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Children among six killed by 28-year-old shooter in Tennessee

Three of the victims were pupils aged nine or under at Covenant School, a privately run Christian school.

They were named by police as Evelyn Dieckhaus, Hallie Scruggs and William Kinney.

The adults victims were employees and named as Cynthia Peak, 61, Katherine Koonce, 60, and Mike Hill, 61.

Covenant School has about 200 students, and teaches pupils from three years old up to around 12.

Ms Peak was a substitute teacher working at the school that day. Mr Hill was a janitor and Ms Koonce is described as the Head of School on Covenant's website.

Police named the suspect as a 28-year-old woman, Audrey Hale, who identified as transgender.

Hale was armed with three guns, including a semi-automatic rifle, and was shot dead by police.

Nashville Police Chief John Drake said the shooter had conducted surveillance, and that maps of the building showing entry and exit points were found at a nearby home.

Police said the suspect got in by firing through one of the school doors, which were all locked.

Hale fired shots on the ground floor before moving to the building's second floor, and was shot dead in a confrontation with police at 10:27. One officer was injured by broken glass during the operation.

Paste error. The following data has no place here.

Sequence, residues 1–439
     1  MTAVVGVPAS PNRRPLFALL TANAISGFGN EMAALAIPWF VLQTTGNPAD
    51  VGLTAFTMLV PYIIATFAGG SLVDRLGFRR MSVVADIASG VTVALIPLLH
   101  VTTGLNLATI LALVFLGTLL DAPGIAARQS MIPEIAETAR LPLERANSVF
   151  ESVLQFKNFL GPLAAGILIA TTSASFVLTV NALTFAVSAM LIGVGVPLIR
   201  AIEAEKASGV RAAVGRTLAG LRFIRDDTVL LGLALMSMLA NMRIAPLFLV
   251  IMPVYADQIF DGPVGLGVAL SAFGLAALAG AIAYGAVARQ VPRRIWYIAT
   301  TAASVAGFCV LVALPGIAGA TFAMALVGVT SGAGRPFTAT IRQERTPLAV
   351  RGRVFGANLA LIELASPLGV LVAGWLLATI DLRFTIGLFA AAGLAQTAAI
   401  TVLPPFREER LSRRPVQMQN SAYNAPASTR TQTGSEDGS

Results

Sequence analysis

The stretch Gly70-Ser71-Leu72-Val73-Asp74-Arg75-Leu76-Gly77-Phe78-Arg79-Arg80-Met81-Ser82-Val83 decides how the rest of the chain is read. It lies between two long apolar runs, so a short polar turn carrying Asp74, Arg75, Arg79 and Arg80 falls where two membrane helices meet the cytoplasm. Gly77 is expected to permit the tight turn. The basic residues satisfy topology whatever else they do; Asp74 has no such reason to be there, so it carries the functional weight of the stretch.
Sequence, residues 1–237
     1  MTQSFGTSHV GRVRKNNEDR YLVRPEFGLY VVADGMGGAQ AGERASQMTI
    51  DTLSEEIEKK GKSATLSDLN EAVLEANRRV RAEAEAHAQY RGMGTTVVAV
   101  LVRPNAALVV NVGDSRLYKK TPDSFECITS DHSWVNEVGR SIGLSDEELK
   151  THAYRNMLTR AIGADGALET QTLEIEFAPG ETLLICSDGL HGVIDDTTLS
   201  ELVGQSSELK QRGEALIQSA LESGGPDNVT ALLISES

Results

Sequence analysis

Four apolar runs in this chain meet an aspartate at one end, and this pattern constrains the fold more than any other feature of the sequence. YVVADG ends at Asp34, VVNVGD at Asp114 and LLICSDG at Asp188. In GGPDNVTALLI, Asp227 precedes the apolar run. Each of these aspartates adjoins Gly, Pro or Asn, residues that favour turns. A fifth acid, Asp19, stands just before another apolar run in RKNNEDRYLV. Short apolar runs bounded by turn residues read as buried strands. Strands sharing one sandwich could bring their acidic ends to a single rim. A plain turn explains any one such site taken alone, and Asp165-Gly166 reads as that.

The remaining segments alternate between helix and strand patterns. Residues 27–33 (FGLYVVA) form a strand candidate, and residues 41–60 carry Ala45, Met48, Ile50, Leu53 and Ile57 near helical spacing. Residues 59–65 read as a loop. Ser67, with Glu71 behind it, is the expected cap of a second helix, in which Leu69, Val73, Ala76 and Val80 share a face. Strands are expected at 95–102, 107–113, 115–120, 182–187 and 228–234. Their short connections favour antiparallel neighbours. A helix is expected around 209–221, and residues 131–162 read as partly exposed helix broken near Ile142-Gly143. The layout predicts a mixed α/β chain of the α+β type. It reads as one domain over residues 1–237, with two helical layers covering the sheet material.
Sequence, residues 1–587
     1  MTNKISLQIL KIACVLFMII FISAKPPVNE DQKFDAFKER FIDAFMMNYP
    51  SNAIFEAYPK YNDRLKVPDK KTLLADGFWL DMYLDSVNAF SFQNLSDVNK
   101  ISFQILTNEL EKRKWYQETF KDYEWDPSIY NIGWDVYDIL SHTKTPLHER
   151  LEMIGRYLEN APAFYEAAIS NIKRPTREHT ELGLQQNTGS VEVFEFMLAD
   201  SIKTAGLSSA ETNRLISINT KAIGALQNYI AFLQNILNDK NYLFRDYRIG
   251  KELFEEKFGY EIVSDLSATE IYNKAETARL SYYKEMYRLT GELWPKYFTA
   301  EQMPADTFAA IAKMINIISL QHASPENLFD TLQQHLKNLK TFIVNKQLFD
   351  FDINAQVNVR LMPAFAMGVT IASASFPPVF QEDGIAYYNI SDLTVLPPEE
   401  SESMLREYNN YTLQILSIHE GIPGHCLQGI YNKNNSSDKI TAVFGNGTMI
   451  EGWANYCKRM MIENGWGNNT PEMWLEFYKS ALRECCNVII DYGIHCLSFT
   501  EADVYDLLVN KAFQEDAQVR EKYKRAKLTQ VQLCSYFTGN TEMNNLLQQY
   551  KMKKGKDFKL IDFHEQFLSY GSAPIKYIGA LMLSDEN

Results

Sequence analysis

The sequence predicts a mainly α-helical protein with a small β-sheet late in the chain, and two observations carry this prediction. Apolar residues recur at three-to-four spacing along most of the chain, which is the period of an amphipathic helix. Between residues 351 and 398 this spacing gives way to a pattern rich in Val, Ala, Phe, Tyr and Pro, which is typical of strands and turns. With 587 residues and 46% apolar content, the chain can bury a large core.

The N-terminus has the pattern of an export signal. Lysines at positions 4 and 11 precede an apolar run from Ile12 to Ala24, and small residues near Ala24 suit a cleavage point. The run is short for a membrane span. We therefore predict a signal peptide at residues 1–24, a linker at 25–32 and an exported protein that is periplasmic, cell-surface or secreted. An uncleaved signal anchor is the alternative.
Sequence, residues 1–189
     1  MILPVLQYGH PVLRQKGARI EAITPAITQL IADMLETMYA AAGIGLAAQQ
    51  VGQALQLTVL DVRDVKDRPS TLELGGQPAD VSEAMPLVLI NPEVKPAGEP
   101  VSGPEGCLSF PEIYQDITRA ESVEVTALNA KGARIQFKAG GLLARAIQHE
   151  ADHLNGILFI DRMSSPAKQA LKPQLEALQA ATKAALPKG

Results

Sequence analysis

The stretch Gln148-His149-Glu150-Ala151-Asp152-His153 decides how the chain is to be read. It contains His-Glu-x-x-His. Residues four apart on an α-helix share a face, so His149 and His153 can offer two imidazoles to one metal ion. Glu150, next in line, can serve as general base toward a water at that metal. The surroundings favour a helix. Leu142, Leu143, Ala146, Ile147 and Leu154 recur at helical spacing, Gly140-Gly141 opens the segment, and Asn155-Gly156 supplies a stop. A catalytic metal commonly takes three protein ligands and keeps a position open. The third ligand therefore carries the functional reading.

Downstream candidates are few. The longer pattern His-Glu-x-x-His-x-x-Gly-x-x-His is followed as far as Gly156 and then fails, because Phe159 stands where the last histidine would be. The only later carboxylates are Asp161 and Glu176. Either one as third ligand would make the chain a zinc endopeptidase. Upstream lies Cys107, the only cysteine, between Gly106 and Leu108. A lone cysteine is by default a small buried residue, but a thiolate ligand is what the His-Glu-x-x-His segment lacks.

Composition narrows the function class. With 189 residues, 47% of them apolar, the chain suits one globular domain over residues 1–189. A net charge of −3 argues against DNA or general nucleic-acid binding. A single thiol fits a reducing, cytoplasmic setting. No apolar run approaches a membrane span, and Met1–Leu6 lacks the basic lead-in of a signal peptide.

A search of a nearby parked car had led officers to "firmly believe" that Hale was a former student of the school.

Police have spoken with the attacker's father during a search of a nearby home that is listed as the shooter's address.

Chief Drake said investigators there found a manifesto and "a map of how all of this was going to play out".

In the hours that followed the shooting, parents gathered at a nearby church to be reunited with their children. As buses of children arrived, they hung their heads and hands out of the windows to wave to their parents, according to the Tennessean newspaper.

The Presbyterian-affiliated Covenant School is located in the upscale Green Hills neighborhood, just south of downtown Nashville.

The mother of one pupil at the school said her son had been left traumatised by the shooting.

"I think he's doing better now that he knows that the shooter is dead," Shaundelle Brooks told BBC News.

"These are conversations we shouldn't be having," she added. "We're failing our children."

In a statement, Nashville Mayor John Cooper said the city had "joined the dreaded, long list of communities to experience a school shooting".

"My heart goes out to the families of the victims," Mr Cooper added. "Our entire city stands with you."

President Joe Biden called the shooting a "family's worst nightmare".

"We have to do more to stop gun violence," he said, calling on Congress to pass gun control laws. "It is ripping at our communities apart, and ripping at the very soul of this nation."

The attack was America's 129th mass shooting of 2023, according to Gun Violence Archive, a non-profit that tracks gun violence data.

According to data compiled by Education Week, there have been 12 school shootings that have resulted in deaths or injuries in the US this year up until the end of last week.

The school teaches pupils from pre-school up until about 12 years old